revealed ancient aboriginal village sites. We took a
guided float trip on the Kenai River, spotting a couple of
moose and learning about other pre-European village sites
spent a night in Homer, a budding artists’ colony on the
southwest tip of the peninsula, driving the length of the
thin strip of sand known as the Homer Spit and strolling
along the boardwalk past bars, cafes, shops and boat
got a brief look at early Russian history, still alive at
the miniscule Russian orthodox churches in the villages of
Kenai and Ninilchik. We stopped at North Beach, near
Kenai, to watch hopeful fishermen wielding huge, round dip
nets. It sounded so easy when a friend described it, but
holding one of those metal nets in the breakers was darn
hard. And we ate fresh fish at every meal, from grilled
salmon and king crab to the kids’ first choice, fish and
chips. They liked cod better than halibut: go figure.
that was Rule 1. Here’s Rule 2.
you want to fish the Kenai River, book a cabin for a
couple of nights with Bill White or Joe Connors, two good
ol’ boys who share prime Kenai River frontage near
Sterling. Real-time sourdoughs, they’ve got cabins,
docks you can fish from any time of day, and rods and
reels to borrow. In the middle is a campfire ring where
other good ol’ boys (guests from elsewhere) sit around
with a beer in hand, reliving the day’s fishing.
a licensed guide and owner of Big Sky Charter &
FishCamp, shows newcomers how to catch sockeye (unique to
this river), sells fishing licenses and books half and
full-day guided motorboat fishing. His guides will clean
and filet your salmon, and truck it to the fast-freeze
plant in Sterling.
former University of Alaska professor and member of the
Kenai River Sportfishing Association, Joe is also founder
of the Alaska Fisheries Conservation Alliance, AFCC, a
group dedicated to minimizing the damage that 20-foot-tall
set nets, used by commercial fisheries, inflict on the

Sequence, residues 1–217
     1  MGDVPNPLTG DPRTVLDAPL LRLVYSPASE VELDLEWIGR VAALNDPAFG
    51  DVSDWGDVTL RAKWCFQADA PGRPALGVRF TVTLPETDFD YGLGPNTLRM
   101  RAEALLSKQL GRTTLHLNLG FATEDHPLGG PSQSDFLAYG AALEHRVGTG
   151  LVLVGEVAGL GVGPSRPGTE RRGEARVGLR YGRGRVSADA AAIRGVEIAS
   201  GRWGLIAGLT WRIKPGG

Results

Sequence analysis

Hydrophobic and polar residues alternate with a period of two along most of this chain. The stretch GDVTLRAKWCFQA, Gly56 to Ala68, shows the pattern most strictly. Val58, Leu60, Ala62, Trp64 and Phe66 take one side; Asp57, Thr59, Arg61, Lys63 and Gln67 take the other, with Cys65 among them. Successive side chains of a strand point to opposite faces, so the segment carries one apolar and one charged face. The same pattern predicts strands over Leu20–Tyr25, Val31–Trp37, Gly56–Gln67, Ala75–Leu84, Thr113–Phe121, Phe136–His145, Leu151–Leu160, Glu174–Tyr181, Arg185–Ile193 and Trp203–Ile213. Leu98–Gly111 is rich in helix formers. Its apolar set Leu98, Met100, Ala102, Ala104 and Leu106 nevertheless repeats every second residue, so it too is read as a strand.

annual king salmon runs. The sockeye are a legitimate
catch. But the nets, anchored parallel to the shore, also
trap king salmon. With many fewer kings reaching their
spawning grounds — and the numbers are down — future
generations of kings are endangered, as is today’s sport
White and his wife, and Bill Jr., who run their place as
the Alaska Sports Lodge, helped us settle into our cabin
and loaned us rods, reels and knee-high rubber boots. The
cabins offer basic shelter and an efficiency kitchen —
remember, fishermen are not there for the décor — and a
sofa, chairs, breakfast table, beds and bunks downstairs
and in the loft. Our cabin slept six, and had a delightful
front deck with deck chairs and a gas grill. It looked
bare when we arrived. It felt like home when we left.
our photo count at 2,351 and a notebook crammed with
details, we spent our last long day driving back to
Anchorage, and to the airport for a night flight home. As
we whizzed past now-familiar names and places, I can’t
tell you how many times I heard a voice from the back seat
say, "Next time, I want to stay here longer."
hope they will.
Anchorage at www.anchorage.net, or call (907)257-2363.
the Kenai Peninsula: www.kenaipeninsula.org.
the Alaska SeaLife Center, see www.sealifecenter.org.
Seward Windsong lodge at www.sewardwindsong.com.
Bill White’s cabins, see www.alaskasportslodge.com.
Joe Connors’ cabins and guides: www.kenaiguide.com.
Kenai River float trips: see www.AlaskaRiverAdventures.com.